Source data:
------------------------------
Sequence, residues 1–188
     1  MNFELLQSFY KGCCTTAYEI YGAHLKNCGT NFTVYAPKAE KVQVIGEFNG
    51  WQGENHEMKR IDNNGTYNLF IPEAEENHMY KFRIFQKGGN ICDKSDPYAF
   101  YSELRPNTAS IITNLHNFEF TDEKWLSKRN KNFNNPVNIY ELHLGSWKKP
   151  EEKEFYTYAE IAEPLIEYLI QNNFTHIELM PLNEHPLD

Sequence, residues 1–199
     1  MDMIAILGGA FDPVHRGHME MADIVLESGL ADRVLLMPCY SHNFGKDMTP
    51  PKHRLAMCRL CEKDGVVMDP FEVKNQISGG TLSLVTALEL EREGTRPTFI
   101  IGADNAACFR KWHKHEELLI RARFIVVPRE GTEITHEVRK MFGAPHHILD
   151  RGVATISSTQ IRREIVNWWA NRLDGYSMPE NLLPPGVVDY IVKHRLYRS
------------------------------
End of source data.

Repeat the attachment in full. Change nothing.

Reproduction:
Sequence, residues 1–188
     1  MNFELLQSFY KGCCTTAYEI YGAHLKNCGT NFTVYAPKAE KVQVIGEFNG
    51  WQGENHEMKR IDNNGTYNLF IPEAEENHMY KFRIFQKGGN ICDKSDPYAF
   101  YSELRPNTAS IITNLHNFEF TDEKWLSKRN KNFNNPVNIY ELHLGSWKKP
   151  EEKEFYTYAE IAEPLIEYLI QNNFTHIELM PLNEHPLD

Sequence, residues 1–199
     1  MDMIAILGGA FDPVHRGHME MADIVLESGL ADRVLLMPCY SHNFGKDMTP
    51  PKHRLAMCRL CEKDGVVMDP FEVKNQISGG TLSLVTALEL EREGTRPTFI
   101  IGADNAACFR KWHKHEELLI RARFIVVPRE GTEITHEVRK MFGAPHHILD
   151  RGVATISSTQ IRREIVNWWA NRLDGYSMPE NLLPPGVVDY IVKHRLYRS